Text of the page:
whether the defendant was made aware of the dangers and
disadvantages of self-representation. In concluding that
defendant was aware of the dangers and disadvantages of
self-representation, this court stated:
In State v. Norman, 99-600 (La.App. 5 Cir. 2/16/00),
756 So.2d 525, writ denied, 00-971 (La.3/23/01), 787
So.2d 1007, the fifth circuit concluded that the record
should be examined for indications that a defendant was aware
of the dangers and disadvantages of self-representation,
noting that prior extensive experience with the judicial
process and the criminal justice system, such as experience
obtained through prior felony convictions, indicates that a
defendant is aware of the dangers and disadvantages of
At the sentencing hearing, the trial court discussed
Defendant's prior extensive experience with the judicial
process. Defendant is a fifth felony offender with a record
dating back to December 27, 1983. In addition to the
felonies, he has been convicted of six misdemeanor charges
and has pled guilty to reduced charges on at least one
occasion as a result of a plea bargain. Based on his prior
extensive experience with the criminal justice system, we
find that Defendant was aware of the dangers and
disadvantages of self-representation. This assignment of
error is without merit.
Poche, 924 So.2d at 1233-34.
present case, counsel represented Defendant throughout his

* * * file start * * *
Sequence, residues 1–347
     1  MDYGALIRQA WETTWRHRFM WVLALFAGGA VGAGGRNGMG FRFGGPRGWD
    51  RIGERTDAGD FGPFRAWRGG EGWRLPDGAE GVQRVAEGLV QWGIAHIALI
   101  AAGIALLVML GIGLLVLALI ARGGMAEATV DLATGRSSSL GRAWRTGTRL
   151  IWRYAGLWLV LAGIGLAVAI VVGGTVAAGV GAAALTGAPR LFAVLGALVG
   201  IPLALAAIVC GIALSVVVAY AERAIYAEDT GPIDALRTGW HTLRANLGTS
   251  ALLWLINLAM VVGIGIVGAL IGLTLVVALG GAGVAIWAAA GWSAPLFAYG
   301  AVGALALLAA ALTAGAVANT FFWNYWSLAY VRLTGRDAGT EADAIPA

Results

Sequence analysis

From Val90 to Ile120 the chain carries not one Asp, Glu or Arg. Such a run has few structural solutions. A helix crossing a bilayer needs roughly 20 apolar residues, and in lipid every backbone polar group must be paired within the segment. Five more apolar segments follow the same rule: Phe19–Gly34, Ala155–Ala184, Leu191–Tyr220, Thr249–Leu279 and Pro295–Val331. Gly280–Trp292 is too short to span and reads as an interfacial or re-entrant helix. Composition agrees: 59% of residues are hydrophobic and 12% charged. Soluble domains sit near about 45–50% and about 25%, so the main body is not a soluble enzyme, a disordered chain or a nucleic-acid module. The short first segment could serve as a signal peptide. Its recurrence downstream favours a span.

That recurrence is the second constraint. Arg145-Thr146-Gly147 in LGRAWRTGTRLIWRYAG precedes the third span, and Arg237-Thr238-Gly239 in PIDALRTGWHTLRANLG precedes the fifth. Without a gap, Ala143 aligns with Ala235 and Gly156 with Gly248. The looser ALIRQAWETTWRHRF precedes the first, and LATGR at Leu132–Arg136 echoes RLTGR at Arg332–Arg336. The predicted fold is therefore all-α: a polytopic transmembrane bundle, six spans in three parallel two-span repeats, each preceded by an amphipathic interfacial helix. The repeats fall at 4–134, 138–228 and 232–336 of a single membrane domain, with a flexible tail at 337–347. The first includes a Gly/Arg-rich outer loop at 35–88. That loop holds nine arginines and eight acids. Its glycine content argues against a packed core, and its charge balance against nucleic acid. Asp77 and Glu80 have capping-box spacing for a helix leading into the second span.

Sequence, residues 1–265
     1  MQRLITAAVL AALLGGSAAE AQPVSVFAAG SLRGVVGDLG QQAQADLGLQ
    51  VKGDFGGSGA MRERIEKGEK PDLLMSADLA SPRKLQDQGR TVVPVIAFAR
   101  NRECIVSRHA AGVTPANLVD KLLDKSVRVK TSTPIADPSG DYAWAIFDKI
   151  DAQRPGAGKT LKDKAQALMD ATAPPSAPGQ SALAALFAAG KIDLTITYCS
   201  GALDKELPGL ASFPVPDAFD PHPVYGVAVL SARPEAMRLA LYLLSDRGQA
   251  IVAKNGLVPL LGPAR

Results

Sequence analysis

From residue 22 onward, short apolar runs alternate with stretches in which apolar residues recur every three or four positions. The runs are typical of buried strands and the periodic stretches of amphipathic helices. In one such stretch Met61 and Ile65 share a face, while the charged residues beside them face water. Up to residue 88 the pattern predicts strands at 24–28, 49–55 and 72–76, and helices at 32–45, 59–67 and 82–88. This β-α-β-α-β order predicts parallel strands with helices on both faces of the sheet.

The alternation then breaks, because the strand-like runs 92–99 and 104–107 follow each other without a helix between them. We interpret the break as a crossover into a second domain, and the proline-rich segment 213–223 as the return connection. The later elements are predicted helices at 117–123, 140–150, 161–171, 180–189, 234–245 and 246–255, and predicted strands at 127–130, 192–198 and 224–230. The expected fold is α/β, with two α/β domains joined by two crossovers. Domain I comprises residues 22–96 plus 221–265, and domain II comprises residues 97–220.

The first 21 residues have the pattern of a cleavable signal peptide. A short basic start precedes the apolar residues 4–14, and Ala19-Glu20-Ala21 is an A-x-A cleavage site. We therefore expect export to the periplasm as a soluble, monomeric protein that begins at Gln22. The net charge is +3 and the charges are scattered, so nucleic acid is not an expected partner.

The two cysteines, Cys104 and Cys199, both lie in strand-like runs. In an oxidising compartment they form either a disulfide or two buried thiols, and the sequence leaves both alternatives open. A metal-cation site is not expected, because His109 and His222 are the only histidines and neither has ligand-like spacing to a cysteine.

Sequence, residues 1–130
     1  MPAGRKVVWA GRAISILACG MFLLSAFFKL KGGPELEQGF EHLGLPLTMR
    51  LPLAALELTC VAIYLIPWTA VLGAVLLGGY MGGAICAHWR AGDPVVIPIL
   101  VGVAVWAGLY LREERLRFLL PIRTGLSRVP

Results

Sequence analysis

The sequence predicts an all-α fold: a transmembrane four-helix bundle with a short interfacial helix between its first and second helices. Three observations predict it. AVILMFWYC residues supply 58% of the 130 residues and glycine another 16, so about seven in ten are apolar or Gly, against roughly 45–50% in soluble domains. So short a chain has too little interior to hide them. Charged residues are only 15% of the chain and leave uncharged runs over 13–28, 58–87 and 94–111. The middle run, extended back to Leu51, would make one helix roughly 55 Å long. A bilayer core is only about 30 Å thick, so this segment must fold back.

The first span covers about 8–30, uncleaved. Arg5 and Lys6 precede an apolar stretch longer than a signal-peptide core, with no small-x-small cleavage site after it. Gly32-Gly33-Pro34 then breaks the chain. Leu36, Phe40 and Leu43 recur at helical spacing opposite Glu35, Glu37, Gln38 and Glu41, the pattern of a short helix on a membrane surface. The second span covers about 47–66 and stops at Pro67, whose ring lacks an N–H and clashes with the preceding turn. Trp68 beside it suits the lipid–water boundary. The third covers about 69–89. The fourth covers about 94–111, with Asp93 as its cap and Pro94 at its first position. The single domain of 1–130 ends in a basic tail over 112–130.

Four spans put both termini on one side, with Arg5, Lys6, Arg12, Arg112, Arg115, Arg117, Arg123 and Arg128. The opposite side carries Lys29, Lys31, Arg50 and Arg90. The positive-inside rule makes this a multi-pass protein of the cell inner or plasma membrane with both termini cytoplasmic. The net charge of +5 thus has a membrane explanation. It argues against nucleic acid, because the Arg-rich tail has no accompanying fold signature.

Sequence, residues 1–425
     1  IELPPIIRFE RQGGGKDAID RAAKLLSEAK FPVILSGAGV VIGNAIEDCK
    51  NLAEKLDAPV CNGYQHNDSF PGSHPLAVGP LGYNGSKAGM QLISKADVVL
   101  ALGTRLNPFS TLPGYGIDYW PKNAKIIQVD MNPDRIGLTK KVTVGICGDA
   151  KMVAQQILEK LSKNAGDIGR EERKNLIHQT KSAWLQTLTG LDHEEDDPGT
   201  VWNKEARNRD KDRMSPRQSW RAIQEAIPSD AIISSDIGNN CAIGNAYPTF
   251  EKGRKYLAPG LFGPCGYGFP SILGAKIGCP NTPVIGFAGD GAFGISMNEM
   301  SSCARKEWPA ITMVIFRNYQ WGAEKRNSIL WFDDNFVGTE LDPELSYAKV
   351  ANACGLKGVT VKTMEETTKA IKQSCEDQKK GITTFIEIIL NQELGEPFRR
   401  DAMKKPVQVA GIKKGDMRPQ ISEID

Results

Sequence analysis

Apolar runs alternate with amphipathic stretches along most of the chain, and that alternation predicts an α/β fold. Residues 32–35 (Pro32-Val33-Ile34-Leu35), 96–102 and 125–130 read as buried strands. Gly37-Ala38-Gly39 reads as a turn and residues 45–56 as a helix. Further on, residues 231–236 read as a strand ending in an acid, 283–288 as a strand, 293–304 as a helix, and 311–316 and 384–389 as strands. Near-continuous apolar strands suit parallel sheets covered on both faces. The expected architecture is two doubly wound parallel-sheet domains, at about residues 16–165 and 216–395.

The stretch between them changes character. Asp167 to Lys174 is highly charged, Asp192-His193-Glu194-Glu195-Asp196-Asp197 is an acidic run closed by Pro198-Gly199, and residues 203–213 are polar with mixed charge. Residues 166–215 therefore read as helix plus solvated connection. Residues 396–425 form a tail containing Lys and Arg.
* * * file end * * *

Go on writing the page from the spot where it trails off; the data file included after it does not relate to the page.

trial, but at his April 28, 2017 hearing on post-trial
motions, Defendant indicated he wished to waive his right to
counsel. No examination was conducted regarding the waiver.
Defendant subsequently represented himself at the May 23,
2017 hearing on his motion for new trial and sentencing.
These two matters were combined in a single proceeding.
Because sentencing is a critical stage of the proceedings, it
is unnecessary to determine whether a hearing on a pro se
motion for new trial is such a proceeding. State v.
Carpenter, 390 So.2d 1296 (La.1980). At the start of the
hearing, defense counsel informed the court that his client
wished to represent himself, but she would be present
"to make sure he (Defendant) underst[ood] his
constitutional rights and on that motion he will be making
the argument." The following colloquy ensued between the
judge and Defendant:
What grade in school did you finish?
MR. MANUEL: GED.
GED, you want to argue your motion for new trial rather than
have Ms. Guillory argue your motion?
Well, I had re-filed it this morning to put - - all the
grounds on it.
You re-filed it when?
It probably went out Friday so if I can get it ...